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Saturday, January 21, 2006

"Munich" and "The New World" - Reviewing the Reviews

I like movies. And I like history. But I seldom like it when someone joins the two together. Films about historical figures or based on historical events generally disappoint or upset me. That's because most film-makers seem to be less interested in telling the story than in promoting their social agendas. A great example of this is Ridley Scott's latest piece of celluloid excrement, The Kingdom of Heaven. Badly filmed, badly acted, badly edited and, most of all, badly written. The Christians are either insane, idiotic, savage or anachronisitic models of 21st century liberal Protestants. Orlando Bloom is supremely over-rated and needs to stick to playing taciturn fairies. And those are reasons I called The Kingdom of Heaven the worst movie on earth.

But enough about that. There are two new films that deal with historical subjects which are receiving a good deal of attention right now: Munich and The New World. I haven't seen either one of them yet, so I won't offer any personal opinions about them in this post.

I will, however, link you to a few reviewers that I respect.

First, here is Michael Medved on Munich. I'm not very familiar with all the information surrounding the events recounted in the film, but if we assume (for the sake of argument) Mr. Medved is correct with his facts, then Spielberg has done a disservice to Israel, America, and the war on terror. Admittedly, I am a-priori inclined to agree with Medved because I have personally found him to be a level-headed film critic and one whose opinions about movies frequently parallel my own. He particularly earned my respect when, as an observant Orthodox Jew, he vociferously defended Mel Gibson's movie. The fact that the government of Israel is attacking Spielberg's movie Munich also causes me to suspect Medved's evaluation has merit. Religiously, I am no Zionist. I don't think the piece of real estate lying between Egypt and Syria has any more significance today in God's plan than does Lichtenstein. But I wholeheartedly endorse the state of Israel's right to defend itself. And to equate a government's attack on its enemies to terrorist acts is morally irresponsible.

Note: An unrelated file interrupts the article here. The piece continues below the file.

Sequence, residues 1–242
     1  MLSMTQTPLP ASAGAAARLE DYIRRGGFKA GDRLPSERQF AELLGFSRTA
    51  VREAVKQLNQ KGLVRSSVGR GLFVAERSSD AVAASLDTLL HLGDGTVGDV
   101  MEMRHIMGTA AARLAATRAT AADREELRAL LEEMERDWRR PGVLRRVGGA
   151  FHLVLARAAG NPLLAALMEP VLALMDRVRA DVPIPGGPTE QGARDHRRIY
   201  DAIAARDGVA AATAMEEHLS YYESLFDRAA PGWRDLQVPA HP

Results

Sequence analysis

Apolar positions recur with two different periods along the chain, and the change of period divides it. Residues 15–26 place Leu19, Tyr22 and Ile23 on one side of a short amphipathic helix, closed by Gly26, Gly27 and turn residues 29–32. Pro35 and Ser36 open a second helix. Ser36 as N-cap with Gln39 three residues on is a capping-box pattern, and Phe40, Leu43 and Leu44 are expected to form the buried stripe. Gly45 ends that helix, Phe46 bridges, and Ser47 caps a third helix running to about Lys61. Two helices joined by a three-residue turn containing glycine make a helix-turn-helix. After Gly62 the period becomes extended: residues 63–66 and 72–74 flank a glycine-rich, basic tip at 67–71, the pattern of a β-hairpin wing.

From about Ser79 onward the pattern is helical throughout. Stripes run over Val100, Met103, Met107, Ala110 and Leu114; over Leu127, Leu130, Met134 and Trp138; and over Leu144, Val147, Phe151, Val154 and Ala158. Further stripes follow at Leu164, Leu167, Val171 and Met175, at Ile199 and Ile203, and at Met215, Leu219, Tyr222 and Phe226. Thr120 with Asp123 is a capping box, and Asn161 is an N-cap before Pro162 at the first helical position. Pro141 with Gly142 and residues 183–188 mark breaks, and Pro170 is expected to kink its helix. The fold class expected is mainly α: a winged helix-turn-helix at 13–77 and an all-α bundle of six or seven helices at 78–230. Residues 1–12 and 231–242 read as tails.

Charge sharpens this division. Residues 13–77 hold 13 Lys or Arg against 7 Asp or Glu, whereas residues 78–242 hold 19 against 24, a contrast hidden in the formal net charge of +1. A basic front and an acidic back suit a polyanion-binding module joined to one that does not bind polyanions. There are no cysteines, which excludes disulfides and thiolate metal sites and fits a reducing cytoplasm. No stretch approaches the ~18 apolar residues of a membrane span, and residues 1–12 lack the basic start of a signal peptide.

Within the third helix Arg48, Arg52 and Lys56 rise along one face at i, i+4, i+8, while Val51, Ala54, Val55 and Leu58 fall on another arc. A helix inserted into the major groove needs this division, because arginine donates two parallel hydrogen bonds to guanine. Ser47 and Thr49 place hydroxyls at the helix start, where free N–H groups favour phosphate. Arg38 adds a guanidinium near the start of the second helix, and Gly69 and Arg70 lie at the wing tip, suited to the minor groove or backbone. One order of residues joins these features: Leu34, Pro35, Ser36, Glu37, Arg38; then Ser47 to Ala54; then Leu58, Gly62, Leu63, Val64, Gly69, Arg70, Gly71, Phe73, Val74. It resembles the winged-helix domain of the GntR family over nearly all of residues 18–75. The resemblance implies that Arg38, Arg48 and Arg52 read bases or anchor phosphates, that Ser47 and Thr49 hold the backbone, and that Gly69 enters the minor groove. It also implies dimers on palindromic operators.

The second film of interest is called The New World and it's about John Smith's landing in America and his relationship with the native girl, Pocahontas. Several Christian critics are speaking favorably of the film such as Steve Beard, Peter T. Chattaway and Jeffrey Overstreet. This film version, I am pleased to report, represents Pocahontas's conversion to Christianity and does so, apparently, without rancor. If so, then this is much better history than the putrid mess put out by Disney a few years ago which turned this Christian native American girl into a tree-hugging, New Age, Greenpeace, Gaia worshipper.

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1 comment:

cwv warrior said...

Hey there, it's been a long time since last visit. I'm hopping around looking for End of the Spear reviews. Now, I KNOW you don't tell a blogger what to write about ; ) but I really hope this movie gets talked up. I have done my part, anyhow! Let us know when you see it?

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